One of the most unpleasant tasks a manager or shop owner faces is dealing with problem employees. In a more perfect world we’d all come to work with the desire to do our best to help our companies succeed. In fact, most employees do just that. Sure, we all have those days when we’re not at our best, but most of us take pride in our work, so long as it’s appreciated.
Unfortunately, there are exceptions:
The Prima Donnas who think they’re better than their co-workers and should be treated “special”
The Drama Queens who throw tantrums whenever something goes wrong
The Specialists whose mantra is “That’s not my job”
Houdini – the worker who has mastered the art of disappearing from his or her work area and magically reappearing just before quitting time
Mr. or Ms. Innocent who is never at fault, never takes responsibility, but always finds something or someone to blame when things go wrong
There are others offenders, of course, and some are more serious than others. Obviously if anyone is a threat to the well being of other employees, they must be dealt with swiftly and permanently. However you should be cautious when dealing with most problem employees for two good reasons: (1) Assuming their skills and talents are valuable to your organization, it may be worth the effort to help them to improve their behaviors rather than face the task of replacing them. (2) In today’s litigious society, it’s important to protect your company from the possibility of a wrongful termination suit.
This doesn’t mean you simply tolerate bad behavior. You should take action, but through a process that serves both the employee and the organization. Here are a few suggestions:
Confront the problem. If you ignore what’s going on you are tacitly condoning the employee’s behavior. Meet privately with the individual, so they aren’t embarrassed in front of coworkers, and have an honest and open discussion. This means listening to the employee’s side of the story and weighing what you hear against the facts. Acknowledge their position, but point out that while you may sympathize, the behaviors must change.
Focus on the behavior, not the person. If you make it personal, the individual will become defensive and less likely to hear what you are saying. Make the conversation about your expectations, not about the person’s shortcomings.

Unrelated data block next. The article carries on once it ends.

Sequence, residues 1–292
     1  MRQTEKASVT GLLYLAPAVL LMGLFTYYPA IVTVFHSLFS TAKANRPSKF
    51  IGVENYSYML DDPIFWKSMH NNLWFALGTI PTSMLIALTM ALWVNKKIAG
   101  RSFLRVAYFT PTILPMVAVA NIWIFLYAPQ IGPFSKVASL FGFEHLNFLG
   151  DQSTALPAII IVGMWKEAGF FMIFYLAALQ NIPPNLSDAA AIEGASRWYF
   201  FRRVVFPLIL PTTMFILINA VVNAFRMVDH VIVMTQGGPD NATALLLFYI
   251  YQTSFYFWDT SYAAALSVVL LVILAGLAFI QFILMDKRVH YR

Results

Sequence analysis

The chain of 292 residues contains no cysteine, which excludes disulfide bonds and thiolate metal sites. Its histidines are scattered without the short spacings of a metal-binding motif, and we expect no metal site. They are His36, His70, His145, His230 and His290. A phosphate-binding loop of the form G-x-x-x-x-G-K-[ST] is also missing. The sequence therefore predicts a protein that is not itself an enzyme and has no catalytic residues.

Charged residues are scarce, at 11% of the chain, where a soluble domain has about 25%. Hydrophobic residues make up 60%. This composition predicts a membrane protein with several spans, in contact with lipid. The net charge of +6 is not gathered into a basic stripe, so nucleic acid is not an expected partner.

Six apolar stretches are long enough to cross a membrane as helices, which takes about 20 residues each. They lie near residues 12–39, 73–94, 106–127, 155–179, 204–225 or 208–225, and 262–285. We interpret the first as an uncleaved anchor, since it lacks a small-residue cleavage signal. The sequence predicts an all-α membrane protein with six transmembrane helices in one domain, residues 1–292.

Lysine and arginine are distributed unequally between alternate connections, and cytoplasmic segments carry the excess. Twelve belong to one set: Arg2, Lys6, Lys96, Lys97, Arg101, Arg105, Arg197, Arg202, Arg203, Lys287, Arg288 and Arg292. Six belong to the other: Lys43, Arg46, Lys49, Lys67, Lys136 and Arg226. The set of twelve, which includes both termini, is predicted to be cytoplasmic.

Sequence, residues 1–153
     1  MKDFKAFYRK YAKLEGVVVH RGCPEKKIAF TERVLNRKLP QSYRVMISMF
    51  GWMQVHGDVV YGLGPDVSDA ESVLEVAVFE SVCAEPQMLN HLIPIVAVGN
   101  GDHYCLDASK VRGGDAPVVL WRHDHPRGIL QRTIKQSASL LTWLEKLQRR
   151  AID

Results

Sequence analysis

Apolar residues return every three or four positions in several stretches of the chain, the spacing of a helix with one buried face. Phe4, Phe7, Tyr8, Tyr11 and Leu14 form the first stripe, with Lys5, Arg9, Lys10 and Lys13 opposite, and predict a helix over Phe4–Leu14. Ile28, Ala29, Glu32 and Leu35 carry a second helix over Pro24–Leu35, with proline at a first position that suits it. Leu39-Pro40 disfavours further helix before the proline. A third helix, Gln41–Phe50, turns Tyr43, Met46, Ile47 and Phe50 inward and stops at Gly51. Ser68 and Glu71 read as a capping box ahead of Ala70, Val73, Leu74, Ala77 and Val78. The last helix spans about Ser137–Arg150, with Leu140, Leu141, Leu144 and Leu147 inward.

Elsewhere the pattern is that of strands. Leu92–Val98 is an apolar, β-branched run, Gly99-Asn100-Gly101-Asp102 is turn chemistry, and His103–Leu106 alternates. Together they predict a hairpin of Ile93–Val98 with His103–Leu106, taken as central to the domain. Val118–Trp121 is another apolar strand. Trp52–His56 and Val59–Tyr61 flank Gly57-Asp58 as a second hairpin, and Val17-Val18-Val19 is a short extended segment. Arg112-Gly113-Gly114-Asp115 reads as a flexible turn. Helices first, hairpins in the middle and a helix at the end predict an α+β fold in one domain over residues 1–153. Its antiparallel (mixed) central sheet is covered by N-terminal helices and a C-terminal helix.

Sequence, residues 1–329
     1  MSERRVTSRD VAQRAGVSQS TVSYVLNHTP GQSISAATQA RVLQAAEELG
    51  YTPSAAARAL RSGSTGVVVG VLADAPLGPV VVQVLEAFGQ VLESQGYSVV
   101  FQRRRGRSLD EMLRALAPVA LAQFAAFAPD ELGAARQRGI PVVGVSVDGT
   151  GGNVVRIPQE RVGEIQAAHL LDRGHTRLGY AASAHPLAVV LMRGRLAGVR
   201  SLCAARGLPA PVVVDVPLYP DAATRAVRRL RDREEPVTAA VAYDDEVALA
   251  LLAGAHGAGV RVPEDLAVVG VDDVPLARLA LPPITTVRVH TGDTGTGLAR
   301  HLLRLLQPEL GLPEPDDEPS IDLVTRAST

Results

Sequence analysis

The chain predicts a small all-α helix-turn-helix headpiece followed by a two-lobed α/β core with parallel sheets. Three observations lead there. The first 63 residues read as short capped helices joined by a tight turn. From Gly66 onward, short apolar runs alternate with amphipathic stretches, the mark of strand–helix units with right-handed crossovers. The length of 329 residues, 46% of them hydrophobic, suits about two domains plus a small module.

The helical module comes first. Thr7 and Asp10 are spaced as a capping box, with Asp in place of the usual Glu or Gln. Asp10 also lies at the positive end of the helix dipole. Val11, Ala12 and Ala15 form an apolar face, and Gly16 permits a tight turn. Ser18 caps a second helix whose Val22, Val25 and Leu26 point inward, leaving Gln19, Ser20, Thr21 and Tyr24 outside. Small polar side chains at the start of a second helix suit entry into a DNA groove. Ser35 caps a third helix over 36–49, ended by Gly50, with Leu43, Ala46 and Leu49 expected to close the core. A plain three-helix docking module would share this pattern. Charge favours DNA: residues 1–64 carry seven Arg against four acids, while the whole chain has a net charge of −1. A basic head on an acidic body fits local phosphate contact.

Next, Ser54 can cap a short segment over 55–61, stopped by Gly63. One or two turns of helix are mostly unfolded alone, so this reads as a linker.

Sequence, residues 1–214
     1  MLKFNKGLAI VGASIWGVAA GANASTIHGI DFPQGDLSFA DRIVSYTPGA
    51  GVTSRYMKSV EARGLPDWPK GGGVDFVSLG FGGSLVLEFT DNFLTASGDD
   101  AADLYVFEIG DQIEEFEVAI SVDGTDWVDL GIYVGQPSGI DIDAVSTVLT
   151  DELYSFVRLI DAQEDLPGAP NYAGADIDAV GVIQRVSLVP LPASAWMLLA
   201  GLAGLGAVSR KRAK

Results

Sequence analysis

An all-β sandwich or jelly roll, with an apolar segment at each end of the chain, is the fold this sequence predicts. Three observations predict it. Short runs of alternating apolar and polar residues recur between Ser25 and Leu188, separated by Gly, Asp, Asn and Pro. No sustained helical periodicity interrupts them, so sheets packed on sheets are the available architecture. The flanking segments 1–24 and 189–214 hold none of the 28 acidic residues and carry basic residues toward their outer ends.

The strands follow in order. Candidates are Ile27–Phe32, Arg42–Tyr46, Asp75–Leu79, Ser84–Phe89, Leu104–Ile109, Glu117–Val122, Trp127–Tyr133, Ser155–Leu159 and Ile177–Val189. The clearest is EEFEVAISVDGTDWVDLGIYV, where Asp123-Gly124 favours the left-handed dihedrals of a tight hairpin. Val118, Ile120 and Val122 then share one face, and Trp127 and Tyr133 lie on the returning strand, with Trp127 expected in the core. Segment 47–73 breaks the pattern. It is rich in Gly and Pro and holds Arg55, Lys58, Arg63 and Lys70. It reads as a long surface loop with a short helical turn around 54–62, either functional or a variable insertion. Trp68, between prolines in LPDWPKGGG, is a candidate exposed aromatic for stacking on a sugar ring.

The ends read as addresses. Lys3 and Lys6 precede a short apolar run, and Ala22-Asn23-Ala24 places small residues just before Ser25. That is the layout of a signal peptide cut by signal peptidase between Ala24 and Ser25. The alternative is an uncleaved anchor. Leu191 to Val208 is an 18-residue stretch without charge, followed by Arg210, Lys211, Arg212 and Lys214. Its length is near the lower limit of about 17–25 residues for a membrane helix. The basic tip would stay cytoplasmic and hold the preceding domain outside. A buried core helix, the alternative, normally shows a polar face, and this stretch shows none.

Set clear expectations and consequences. Be specific about the behaviors that are unacceptable and that you require the employee to stop them. Make it clear what will happen if the behavior doesn’t improve.
Be consistent with each and every employee. If you tell an employee that certain behaviors won’t be tolerated, you cannot overlook like behaviors from others in the company. This includes supervisors, family members and friends. Managers and owners set the tone and should model the kind of behavior they expect from their employees.
Document all interactions. Keep notes of any meetings related to employee behavior issues, including dates, what was discussed, the corrective actions the employee is to take, and the consequences if he or she fails to comply.
Schedule a follow up meeting. After advising the employee of the behaviors they must change, schedule a time to get back together to assess the employee’s progress. If the employee is making a sincere effort to improve, show appreciation and encourage them to continue.
If all else fails, review the situation with the employee, cite specific instances where they continue to exhibit unacceptable behaviors, remind them of the consequences of their actions and follow through. No manager enjoys firing, but you can’t allow a problem employee to affect the rest of the team or the company.